Throughout my 25 years of experience in creative direction, design, and user experience design fields I’ve had fantastic opportunities to work in many worlds, on many different kinds of projects, playing many different roles. I am intimately familiar with the product and service evolution, from initial market research and audience discovery to launch strategies and agile development cycles. When you bring me on board, you bring a seasoned consultant with the ability to deep-dive. I cover the gamut of strategic and tactical, from writing to designing, from prototyping to focus group moderation.
Some Personal Notes:
I spent nine years in Chiclayo, a desert town only 10 miles from the ocean. One inch of rain falls every 10 years. Surrounded by Pre-Columbian temples, cities and burial mounds still untouched by the claws of progress, I grew up with a deep appreciation for history and art from other cultures. I also grew up with some of the largest sand dunes one could ever hope to see – majestic at sunset, when the clay and volcanic ash would reflect the orange sunlight and turn the dunes to rainbow colors. The warmth of Chiclayo’s citizens is matched only by its climate.
Nine years living in Lima. Capital city, bustling with spicy culture, night life, and a literary sense of the tragic. Citizens and residents of this post-colonial capital call it “Lima La Horrible”…I’ll let you guess what that means. It’s impossible not to hate Lima, but by the same token, it’s impossible not to love it either. The city bustles with the sounds, sights, and smells of humanity; no portion of this city is left untouched by the bristling masses of Peruvians migrating to city life. Its place in history is shiny and impressive, and remnants of that place litter the city in forms of Spanish balconies, intricately built churches, magnificent plazas, and your occasional cobblestoned street. Lima is an old lady, but in many ways, she’s still a feisty, combative one who makes you pay dearly for the privilege of living with her. A city known better by its extremes, it made me.
When I first moved to the United States, I had no idea that culture shock awaited me. Not only did I change countries, but I moved to a country within a country. Birmingham is a strange, strange place for those not accustomed to life in the heart of ‘Dixie Land’. As kind and hospitable as people were, I couldn’t stand it – I was out of Alabama within that first year.
I travelled to London not so much from a desire to go to Europe, but because I needed to get out of the USA. Growing up in Latin America, I believed that the US was ‘home,’ and, once there, I quickly discovered that ‘home’ was the most foreign place I’d ever lived.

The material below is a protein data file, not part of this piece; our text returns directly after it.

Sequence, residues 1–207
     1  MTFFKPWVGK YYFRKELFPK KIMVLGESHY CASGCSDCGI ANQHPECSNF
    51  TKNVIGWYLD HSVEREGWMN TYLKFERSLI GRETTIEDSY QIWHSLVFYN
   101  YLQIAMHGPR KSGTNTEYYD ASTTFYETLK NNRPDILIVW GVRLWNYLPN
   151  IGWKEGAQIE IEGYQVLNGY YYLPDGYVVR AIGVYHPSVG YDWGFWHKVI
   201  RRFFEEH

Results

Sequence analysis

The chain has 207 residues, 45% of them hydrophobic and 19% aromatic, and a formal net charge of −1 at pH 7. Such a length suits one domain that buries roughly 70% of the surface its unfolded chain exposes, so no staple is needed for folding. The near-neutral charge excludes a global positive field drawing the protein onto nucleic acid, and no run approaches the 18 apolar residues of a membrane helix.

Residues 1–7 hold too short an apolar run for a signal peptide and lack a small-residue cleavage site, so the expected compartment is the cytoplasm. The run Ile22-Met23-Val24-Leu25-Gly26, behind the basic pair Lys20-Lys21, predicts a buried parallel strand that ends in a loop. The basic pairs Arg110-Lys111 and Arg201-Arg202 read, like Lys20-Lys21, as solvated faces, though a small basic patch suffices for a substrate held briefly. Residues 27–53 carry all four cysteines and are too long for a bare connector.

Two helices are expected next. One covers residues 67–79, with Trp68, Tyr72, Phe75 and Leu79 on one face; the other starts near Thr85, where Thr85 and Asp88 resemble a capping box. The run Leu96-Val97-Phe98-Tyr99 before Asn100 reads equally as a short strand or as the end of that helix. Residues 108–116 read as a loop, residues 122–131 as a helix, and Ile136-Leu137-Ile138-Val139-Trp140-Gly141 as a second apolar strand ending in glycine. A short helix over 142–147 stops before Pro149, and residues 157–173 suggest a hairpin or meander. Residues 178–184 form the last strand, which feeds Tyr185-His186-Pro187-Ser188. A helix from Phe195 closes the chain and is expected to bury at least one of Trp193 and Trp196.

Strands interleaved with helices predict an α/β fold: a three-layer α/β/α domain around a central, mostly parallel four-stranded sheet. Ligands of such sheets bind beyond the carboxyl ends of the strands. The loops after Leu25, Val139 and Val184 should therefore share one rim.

London was fantastic. A scholarship allowed me to explore London’s cultural and artistic offerings without additional financial worry. Spending a lot of time with Henry Moore’s ‘Recumbent Figure,’ I embraced silence and empty space as rich methods of communication. I learned more about being human.
This place epitomizes the small, southwestern town. It’s not a rare occasion to see a red blanket of clay barreling your way via the dust storms that leave everything thickly coated with earth. Tumbleweeds, those big balls of dead shrubbery, were everywhere. I went to school here – the first school to offer me a scholarship after my stint in England. Abilene was desolate, and in that quiet, isolated place, boredom began to breed imagination. An inspired period for me.
Dallas is one of those places people love, hate, or both. Some love it because it offers career opportunity. Others hate it because it seems so cold and corporate. Dallas offered me opportunity, art, good friends, and a thriving multicultural community. I moved away in early 1999, and in many ways regretted it.
Durham, North Carolina
Think of Durham as a small island of progressivism in a state as green as its cities are new. For the urban child, all the organic life can take some getting used to.
I returned! I missed the openness of Texans, its juxtapossed array of characters and landscapes, and all that makes this place such a warm place to live in. So glad to be back!
The Internet is the perfect phenomena for the distribution of stories and yarns – some commercial, some not. Regardless, I’m here to stay. Not because I love technology, or because I love the constant shift in innovations. I love it because so long as there is no end to people using the Internet, there will be no end to good yarns.
So when you bring me into your team, you’ll be getting a resource with a keen understanding of technology as a means to express your story, not the end.